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We'd Like to Thank the Academy

Derek Lowe has a post at his In the Pipeline blog defending PNAS, which he says gets a bad rap from scientists. "The reason people are down on PNAS is the way that members of the National Academy can, if they choose, sort of jam things into the journal through a side entrance," he writes. But basic math shows that for non-academy members who are published there (those papers make up about 40 percent of the pub's content), the competition is downright brutal, Lowe says -- likely resulting in top-notch literature. He adds, "I think, myself, that the advantage of letting members publish unusual or possibly controversial work outweighs the temptation to fill the journal with junk."

 

The Scan

Billions for Antivirals

The US is putting $3.2 billion toward a program to develop antivirals to treat COVID-19 in its early stages, the Wall Street Journal reports.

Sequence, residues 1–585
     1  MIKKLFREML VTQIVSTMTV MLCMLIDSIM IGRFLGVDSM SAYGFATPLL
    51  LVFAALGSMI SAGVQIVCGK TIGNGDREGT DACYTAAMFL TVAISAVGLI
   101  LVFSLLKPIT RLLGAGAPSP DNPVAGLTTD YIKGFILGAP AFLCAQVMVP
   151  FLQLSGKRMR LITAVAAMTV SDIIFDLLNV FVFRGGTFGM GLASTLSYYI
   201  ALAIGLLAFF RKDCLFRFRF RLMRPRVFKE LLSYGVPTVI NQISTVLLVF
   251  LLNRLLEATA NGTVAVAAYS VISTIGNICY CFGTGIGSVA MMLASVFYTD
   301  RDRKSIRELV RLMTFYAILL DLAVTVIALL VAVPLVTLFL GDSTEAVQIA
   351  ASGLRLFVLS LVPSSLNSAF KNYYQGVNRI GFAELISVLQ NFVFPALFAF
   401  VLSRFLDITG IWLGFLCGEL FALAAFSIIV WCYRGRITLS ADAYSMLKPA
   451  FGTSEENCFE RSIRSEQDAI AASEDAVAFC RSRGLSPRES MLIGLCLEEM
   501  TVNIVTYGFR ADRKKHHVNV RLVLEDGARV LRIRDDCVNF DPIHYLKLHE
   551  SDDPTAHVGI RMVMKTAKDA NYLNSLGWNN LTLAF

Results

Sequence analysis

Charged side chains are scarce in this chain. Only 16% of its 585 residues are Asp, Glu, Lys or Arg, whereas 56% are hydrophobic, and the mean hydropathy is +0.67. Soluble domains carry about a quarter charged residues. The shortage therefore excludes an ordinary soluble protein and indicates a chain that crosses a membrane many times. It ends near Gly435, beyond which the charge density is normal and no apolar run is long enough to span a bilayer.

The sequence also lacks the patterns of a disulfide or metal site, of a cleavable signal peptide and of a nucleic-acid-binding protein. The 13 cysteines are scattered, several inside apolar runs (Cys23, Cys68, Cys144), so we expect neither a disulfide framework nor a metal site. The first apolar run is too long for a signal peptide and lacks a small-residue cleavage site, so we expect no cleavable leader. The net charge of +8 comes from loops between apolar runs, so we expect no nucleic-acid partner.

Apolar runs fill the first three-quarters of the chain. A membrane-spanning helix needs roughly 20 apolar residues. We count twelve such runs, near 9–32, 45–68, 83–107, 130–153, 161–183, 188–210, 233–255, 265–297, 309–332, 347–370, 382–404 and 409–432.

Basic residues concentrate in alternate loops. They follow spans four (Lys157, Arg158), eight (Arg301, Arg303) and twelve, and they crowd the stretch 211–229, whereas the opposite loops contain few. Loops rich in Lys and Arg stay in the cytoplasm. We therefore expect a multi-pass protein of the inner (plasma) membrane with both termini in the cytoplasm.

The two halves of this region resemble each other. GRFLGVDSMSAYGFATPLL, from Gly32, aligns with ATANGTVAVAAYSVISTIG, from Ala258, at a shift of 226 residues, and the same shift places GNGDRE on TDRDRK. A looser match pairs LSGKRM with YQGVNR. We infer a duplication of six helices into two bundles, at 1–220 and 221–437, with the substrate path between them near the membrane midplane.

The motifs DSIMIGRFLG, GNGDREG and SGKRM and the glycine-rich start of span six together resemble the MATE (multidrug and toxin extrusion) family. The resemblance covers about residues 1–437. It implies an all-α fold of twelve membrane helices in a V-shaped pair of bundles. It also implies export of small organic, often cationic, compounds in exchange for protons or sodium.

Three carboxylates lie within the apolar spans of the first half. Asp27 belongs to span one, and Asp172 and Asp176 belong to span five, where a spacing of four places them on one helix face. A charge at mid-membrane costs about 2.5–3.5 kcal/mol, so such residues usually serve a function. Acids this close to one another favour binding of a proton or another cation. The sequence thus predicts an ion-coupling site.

NFT of the Web

Tim Berners-Lee, who developed the World Wide Web, is auctioning its original source code as a non-fungible token, Reuters reports.

23andMe on the Nasdaq

23andMe's shares rose more than 20 percent following its merger with a special purpose acquisition company, as GenomeWeb has reported.

Science Papers Present GWAS of Brain Structure, System for Controlled Gene Transfer

In Science this week: genome-wide association study ties variants to white matter stricture in the brain, and more.